“At that point, we were subcontracting out all the print cuts,” says Brin, “because I was just literally focused on sales and building a business.”
The meaning behind the bFIVE40 name is synchronized with the directions, layers and movement Brin’s business has taken on in a short amount of time. There are 360 degrees in a circular flat shape, and at 540 degrees, an object breaks the plane and becomes multidimensional. Which is the company’s mission: to help modern brands “bFIVE40.”
Today, bFIVE40 is partnered with Unifi, the world’s leading supplier of recycled fibers based in Greensboro, N.C., to give corporations sustainable product alternatives, such as specialty textiles, including REPREVE recycled polyester, stretch blends, non-woven, cling films and more.
“Through the relationship that we have with Unifi, they sell the fibers to local fabric mills and we purchase the knits from the mills with the recycled fibers,” says Brin. “And then Unifi provides us with certified reporting that can actually quantify the ecological impact on the purchases that we made from that fabric, which we then can pass that along to the customer. We are able to break down the number of bottles diverted from landfill and the associated reduction in greenhouse gases, water consumption and energy consumption in choosing recycled over virgin fabrics.”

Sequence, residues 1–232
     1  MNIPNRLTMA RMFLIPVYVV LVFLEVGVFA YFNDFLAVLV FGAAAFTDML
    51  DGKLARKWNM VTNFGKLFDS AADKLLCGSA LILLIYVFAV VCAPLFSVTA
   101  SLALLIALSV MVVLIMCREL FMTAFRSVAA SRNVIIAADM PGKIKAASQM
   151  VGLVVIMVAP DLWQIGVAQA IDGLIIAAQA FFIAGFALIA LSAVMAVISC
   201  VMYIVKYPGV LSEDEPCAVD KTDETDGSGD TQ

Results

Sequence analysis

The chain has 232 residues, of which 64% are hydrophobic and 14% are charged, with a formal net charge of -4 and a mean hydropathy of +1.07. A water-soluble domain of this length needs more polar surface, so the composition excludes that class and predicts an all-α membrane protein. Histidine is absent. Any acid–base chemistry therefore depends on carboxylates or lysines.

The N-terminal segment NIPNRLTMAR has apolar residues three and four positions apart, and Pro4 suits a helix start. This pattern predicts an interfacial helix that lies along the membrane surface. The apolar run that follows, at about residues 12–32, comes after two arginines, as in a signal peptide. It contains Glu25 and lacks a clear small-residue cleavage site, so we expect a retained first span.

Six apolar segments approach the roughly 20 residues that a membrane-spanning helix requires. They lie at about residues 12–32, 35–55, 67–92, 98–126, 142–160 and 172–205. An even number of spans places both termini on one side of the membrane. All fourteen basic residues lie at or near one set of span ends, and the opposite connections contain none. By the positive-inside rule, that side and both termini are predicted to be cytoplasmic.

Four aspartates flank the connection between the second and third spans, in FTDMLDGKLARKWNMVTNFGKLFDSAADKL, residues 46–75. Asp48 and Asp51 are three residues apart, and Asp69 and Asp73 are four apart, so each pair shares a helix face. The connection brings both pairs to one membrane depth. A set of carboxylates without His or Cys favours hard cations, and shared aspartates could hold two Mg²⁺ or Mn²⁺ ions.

The team at bFIVE40 works together to offer their growing number of clients cutting-edge dye sublimation, latex printing technology, and a full-service sewing process. It’s a team that Brin has diligently, carefully built through Vocational Rehabilitation to hire people with disabilities. She recognizes the importance of hiring and supporting people who do good, regardless of gender, race, and disability.